I wanted to post more examples because I am not sure if these are the only ones in the slides. But I couldn’t find good pictures for a couple of different tissues. So for now I will just retake some of the pictures that didn’t turn out very well.
Also, a lot of slides have something like this on it. Could you maybe help me figure out what it is?
July 14, 2020
Dima, you told me that I wasn’t doing exactly what you wanted me to do, so from now on, I will begin to post examples and identify cells one by one.
The little purple dots that are hard to see are nuclei. The things that I labeled here are simply visual characteristics that help identify the tissue.
I think that lung cells have a very unique shape and structure, so they are fairly easy to identify.
lung cells found in my slides:
This is also lung tissue because of the bit that’s on the left side. The part in the middle is probably some kind of muscle.
I have a question: While the shape and structure of the example lung cells and the lung cells from my slides are the same, the coloring is different. Does that mean that they were stained differently? Or is it just my microscope? Or maybe they are in different conditions?
July 14, 2020
All of these photos are not mine. the labels on the larger photo above these two are not mine either.
July 15, 2020
Brain cells found in my slides:
A lot of these look a little bit different but I think these are brain cells.
I’m sorry about the shadow on the sides of the photos. I think this has something to do with the microscope’s objective lens, which I have tried to clean, but I can’t fix it.
These a look a little bit different than the ones above, so I am not 100% sure that they are the same type of cells.
July 16, 2020
Actually, (I realized this after I made the labeled photos) in the top photo here, the white spot is NOT a central vein, because that photo is taken with higher magnification than the very first photo. The white spot is probably a smaller vein or one of the sinusoids labeled in the first picture.
July 21, 2020
liver cells found in my slides:
This is pretty blurry, but I think this is about the same magnification as the very first picture. This is the only one that I could find so far. I will keep looking.
July 23, 2020
There are 3 kinds of muscle cells.
- Skeletal Muscles. These are the muscles on your bones that work when you consciously move, like when walking.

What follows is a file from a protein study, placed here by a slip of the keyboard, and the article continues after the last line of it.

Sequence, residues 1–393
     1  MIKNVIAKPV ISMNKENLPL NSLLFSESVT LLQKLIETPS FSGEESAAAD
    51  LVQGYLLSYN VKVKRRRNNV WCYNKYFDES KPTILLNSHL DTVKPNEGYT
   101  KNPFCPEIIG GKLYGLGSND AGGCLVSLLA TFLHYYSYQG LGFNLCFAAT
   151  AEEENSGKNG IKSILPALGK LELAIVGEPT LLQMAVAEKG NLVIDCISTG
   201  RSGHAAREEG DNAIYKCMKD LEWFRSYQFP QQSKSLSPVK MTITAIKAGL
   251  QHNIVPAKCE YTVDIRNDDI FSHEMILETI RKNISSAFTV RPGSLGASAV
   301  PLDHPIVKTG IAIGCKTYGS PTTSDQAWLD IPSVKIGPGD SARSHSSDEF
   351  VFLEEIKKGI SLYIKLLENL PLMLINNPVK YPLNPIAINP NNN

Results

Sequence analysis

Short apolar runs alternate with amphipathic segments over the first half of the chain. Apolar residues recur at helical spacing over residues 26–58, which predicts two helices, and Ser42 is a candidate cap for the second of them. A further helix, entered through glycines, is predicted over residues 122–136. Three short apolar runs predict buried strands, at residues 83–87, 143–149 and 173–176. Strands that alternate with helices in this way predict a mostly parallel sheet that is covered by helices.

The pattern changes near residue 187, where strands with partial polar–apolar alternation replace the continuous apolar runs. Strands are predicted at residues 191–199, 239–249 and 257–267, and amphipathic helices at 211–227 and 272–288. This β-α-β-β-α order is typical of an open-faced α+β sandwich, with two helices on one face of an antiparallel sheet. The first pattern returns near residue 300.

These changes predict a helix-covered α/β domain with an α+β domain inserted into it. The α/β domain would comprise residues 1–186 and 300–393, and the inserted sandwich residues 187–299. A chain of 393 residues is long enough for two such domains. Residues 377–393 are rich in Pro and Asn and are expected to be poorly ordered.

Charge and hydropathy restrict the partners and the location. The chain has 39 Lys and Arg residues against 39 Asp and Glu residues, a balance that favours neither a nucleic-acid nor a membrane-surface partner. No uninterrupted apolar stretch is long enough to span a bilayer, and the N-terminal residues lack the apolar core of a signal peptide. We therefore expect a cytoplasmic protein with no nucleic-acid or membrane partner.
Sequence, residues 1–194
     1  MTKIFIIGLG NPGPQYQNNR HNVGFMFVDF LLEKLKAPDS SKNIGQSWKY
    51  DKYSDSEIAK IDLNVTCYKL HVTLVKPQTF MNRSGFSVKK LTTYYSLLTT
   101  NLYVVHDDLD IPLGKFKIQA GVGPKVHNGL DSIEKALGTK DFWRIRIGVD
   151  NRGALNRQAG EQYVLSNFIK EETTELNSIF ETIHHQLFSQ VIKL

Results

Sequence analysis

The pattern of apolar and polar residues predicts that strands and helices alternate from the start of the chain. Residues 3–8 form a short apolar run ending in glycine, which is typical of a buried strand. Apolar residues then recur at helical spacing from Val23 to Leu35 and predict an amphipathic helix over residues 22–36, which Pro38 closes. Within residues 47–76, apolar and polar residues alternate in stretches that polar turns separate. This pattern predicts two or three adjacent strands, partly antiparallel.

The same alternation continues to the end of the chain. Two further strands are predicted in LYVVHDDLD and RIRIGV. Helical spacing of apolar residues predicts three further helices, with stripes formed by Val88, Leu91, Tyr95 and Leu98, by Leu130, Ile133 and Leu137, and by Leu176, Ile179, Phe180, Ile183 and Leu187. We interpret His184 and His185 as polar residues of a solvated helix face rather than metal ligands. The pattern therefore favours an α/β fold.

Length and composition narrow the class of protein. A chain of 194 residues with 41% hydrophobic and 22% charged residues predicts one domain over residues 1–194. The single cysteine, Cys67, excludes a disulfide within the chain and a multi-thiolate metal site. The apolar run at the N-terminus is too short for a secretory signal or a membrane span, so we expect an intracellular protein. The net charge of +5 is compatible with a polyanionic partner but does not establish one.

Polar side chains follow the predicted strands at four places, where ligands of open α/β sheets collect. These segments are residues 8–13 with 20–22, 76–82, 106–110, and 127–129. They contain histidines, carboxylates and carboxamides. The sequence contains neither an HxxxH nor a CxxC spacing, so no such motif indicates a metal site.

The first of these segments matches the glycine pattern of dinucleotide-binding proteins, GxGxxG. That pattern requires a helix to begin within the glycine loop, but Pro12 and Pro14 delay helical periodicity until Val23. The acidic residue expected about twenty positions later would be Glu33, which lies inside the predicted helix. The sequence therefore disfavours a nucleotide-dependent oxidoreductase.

- Smooth Muscles. These muscles help organs like your stomach work.
- Cardiac Muscles. These muscles are what makes your heart pump blood.
These are not my labels in the photo above.
7/26/2020: From Dima: Internship deadline is August 17, 2020. You have 3 weeks left, please note that it will not be possible to add text/data after this date due to the nature of summer internship and associated time limits.
July 28, 2020
Muscle cells found in my slides:
This is either skeletal or smooth muscle.
This is slide has some lung tissue on the left, but I am pretty sure the tissue in the middle is muscle. Since it’s muscle in an organ, it is probably smooth muscle. I hope this is correct.
This is either skeletal or smooth muscle.
Adipose tissue is fat, a connective tissue that insulates and cushions the body.
It is pretty easy to identify, due to the fact that it looks nothing like most other tissue.
Adipose cells found in my slides:
Same slide with lower magnification.
August 6, 2020
Kidney tissue examples:
The Glomerulus, plural Glumeri, is a group of capillaries (tiny blood vessels) where waste is filtered from the blood.
kidney cells found in my slides:
August 12, 2020
The four basic types of tissue:
I already knew some of this but I decided to add this information to better learn and understand it.
- Epithelial tissue: This tissue is what makes up skin and lines the inside of various organs
- connective tissue: This tissue connects and supports other tissue. Bone, blood, adipose(fat), and lymph tissue are all connective
- note: lymph or lymphoid tissue is part of the lymphatic system. Its main function is to transport white blood cells through the body. Similar to the immune system.
- Muscle tissue: Each and every little muscle in your body
- Nerve tissue: Made of nerve cells and is used to carry messages throughout the body.
Information on this found here.
Also know as parietal cells, stomach cells are epithelium cells that can produce hydrochloric acid (stomach acid).
Gastric chief cells produce pepsinogen and chymosin. Pepsinogen largely helps digest proteins, while chymosin curdles and digests milk products.
Stomach tissue examples:
August 13, 2020
stomach tissue found in my slides:
References, citations, links:
I couldn’t post all the links because some of them didn’t work. For all the example photos I just typed into Google the tissue type and then H&E or histology.